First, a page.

The music world was dealt a big blow 25 years ago today August 9th, 1995, when at 4:23am PT,Jerry Garcia was found dead in his room at the Serenity Knolls residential treatment facility in Forrest Knolls, California, eight days after his 53rd birthday.
Garcia, who had a long history with substance abuse, diabetes, smoking and a poor diet, had checked into the facility shortly after the Grateful Dead finished their summer tour on July 9th, 1995 at Soldier Field in Chicago on a bill with The Band.
Remembering that day in 1995, Bruce Hornsby, a part time member of The Dead, was in Houston when heard the news. Later in the day he flew to Boston for an in-store appearance at Borders Books. Plugging his Hot House album, Deadheads crowded into the store, turning it into what he says was a “de-facto wake.
“They were clearly looking for comfort wherever they could find it. I guess they figured I was a sympathetic kindred spirit and was there for them. And I was, and they were there for me. I played songs and talked to the audience. It was very collegial and very interactive. I might have played my favorite Grateful Dead song, ‘Wharf Rat.’ It seemed appropriate for that moment…
“I miss him so much. He was such a deep soul, but also a really funny guy. He ready to laugh and had the sharpest wit and just a great recall. Great memory, great knowledge of the world. He was a great hang.”
And Dead drummer Mickey Hart was home in Northern California when he found out.
“I always remember where I was when I heard. You never forget those kinds of things. Jerry wasn’t well to begin with, and he was winding down. He was living on borrowed time. Everybody was ready for it, but you can never really be ready for it.
“It was the morning, and I went to my yoga instructor, who lived in a little shack over the hill from my house [in Sonoma County]. I used to walk over there through a redwood grove. He never played music; we always tried to make it a bit more zen. But as I approached his place, he was playing music. And it was Jerry Garcia Band music. That put me off immediately. Right then, I knew something was in the air. I knew something was really wrong.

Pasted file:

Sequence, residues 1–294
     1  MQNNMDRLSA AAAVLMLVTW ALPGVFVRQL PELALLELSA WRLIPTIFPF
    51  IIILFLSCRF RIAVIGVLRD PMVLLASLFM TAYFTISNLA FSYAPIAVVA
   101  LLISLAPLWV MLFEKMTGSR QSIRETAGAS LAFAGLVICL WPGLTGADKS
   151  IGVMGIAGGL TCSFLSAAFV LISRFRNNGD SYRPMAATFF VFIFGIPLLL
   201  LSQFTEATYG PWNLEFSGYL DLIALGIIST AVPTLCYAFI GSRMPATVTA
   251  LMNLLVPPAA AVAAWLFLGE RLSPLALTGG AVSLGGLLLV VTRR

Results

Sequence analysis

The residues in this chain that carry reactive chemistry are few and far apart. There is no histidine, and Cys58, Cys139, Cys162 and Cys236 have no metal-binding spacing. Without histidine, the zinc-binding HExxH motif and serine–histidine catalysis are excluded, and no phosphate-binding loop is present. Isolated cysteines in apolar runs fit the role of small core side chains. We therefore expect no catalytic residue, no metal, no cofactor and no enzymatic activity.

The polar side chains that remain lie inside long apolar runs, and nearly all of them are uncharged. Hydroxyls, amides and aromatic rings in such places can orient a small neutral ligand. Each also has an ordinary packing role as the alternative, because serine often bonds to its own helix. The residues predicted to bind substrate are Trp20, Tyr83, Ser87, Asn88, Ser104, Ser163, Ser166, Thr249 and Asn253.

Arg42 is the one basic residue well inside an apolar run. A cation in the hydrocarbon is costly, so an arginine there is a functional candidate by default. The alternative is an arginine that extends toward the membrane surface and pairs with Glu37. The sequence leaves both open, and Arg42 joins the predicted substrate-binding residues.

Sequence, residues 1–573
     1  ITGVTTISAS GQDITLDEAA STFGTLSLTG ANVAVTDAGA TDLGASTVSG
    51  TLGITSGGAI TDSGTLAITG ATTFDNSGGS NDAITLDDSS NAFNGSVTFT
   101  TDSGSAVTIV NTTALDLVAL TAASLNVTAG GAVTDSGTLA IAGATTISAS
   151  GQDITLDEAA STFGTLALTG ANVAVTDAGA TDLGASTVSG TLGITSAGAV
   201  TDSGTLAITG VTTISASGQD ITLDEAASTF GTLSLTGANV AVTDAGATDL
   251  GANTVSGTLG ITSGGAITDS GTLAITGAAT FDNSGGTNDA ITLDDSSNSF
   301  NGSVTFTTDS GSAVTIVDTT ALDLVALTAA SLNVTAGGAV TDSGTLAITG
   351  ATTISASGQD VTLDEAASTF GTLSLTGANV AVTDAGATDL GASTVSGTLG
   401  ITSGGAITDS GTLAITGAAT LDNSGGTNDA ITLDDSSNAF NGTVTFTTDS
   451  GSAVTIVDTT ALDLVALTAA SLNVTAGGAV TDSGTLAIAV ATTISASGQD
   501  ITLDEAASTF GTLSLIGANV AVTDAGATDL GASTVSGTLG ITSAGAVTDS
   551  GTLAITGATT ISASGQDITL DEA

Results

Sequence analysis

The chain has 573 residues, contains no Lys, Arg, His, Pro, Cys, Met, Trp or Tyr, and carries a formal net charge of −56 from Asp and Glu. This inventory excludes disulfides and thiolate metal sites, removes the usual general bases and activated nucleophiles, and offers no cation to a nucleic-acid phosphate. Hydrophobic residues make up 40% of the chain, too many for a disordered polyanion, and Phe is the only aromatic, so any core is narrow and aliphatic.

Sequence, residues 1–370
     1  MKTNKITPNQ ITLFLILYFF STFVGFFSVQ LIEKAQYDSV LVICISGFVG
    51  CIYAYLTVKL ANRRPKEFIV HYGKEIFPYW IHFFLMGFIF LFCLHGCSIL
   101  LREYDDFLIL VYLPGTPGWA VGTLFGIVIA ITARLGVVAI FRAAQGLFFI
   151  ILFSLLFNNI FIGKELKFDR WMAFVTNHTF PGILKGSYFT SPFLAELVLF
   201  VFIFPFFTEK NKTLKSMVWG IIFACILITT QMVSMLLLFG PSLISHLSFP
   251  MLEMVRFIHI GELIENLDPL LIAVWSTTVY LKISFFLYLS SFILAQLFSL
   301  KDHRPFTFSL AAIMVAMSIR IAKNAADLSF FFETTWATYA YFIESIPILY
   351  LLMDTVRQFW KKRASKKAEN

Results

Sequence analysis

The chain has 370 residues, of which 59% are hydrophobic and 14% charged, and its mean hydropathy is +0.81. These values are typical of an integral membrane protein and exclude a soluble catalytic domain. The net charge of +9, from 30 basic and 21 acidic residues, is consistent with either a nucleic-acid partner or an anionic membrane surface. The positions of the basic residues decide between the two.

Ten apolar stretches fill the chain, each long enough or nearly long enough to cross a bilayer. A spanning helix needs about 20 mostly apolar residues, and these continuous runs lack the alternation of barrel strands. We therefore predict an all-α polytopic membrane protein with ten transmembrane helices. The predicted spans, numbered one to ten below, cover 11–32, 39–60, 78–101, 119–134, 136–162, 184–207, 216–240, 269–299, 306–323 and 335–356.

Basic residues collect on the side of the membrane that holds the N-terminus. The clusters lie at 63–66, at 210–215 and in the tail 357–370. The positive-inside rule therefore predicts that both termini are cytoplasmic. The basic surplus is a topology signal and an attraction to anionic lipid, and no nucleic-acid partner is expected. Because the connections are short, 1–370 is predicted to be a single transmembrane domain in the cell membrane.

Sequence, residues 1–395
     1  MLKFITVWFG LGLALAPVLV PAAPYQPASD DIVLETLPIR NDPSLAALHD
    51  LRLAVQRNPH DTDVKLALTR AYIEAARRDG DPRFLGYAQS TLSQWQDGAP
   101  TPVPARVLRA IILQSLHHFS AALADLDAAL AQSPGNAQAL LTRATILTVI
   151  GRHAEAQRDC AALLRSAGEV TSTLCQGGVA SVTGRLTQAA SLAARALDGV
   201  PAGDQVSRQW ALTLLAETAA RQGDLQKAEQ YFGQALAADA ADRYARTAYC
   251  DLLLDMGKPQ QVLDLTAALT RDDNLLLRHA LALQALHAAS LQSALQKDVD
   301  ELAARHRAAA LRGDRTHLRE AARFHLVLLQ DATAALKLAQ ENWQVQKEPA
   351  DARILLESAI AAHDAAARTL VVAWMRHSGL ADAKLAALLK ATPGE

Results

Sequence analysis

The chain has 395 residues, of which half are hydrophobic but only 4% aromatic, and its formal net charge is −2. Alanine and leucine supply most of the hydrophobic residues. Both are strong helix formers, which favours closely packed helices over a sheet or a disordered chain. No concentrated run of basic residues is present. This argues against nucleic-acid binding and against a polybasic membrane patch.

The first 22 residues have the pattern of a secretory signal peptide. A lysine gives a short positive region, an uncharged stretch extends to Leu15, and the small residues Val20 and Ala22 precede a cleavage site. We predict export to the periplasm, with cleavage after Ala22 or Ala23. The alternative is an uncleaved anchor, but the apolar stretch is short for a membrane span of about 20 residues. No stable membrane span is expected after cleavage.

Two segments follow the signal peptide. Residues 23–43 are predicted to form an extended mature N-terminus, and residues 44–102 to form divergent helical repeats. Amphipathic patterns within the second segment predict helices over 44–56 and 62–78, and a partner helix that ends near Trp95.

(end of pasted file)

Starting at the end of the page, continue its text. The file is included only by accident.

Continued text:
“I walked up to the front door and he was sweeping the floor, getting ready for a session. I said, ‘What’s with the music?’ He said, ‘Haven’t you heard?’ He didn’t have to say anything else. It was early and I don’t know how he found out about it. But I turned around and walked back through the woods. It could have been a rumor, but I knew it wasn’t. I just knew it. It felt like someone had hit me with a hammer…”
Hart adds that he recognizes the anniversary with a little get together.
“When he died, I planted three blue redwoods, one for each decade [I knew him], on my property. They’re pretty rare. They’ve really grown in the last 25 years. They’re about 40 feet high now. That’s Jerry’s place, and that’s where we go to celebrate him. We have a barbecue and have some of the old friends over and tell jokes.”
A private funeral was held on August 12th at St. Stephen’s Episcopal Church in Belvedere, California, followed by a public memorial the next day at the Polo Fields in San Francisco’s Golden Gate Park. His ashes were scattered by his widow, Deborah Koons, and Dead bandmate Bob Weir into the Ganges River at the holy city of Rishikesh, India, and into the San Francisco Bay.
In addition to Koons, Jerry was survived by four daughters, three ex-wives and his brother, Clifford.
Since his passing, the surviving members of the Dead have reunited on several occasions under an array of names including The Other Ones, The Dead, Furthur and their current incarnation, Dead and Company with John Mayer on guitar.
From August 9th, 1996, Grateful Dead spokesman Dennis McNally reads a statement from the band on Jerry Garcia’s death
From his tour stop in New Hampshire on August 9th, 1995, Bob Weir talks about the death of Jerry Garcia.
On August 9, 1995, a Marin County Sheriff’s Department Spokesman announces Jerry Garcia’s death
Phil Lesh remembers Jerry Garcia
Jerry Garcia, in a 1993 interview, talks about his poor health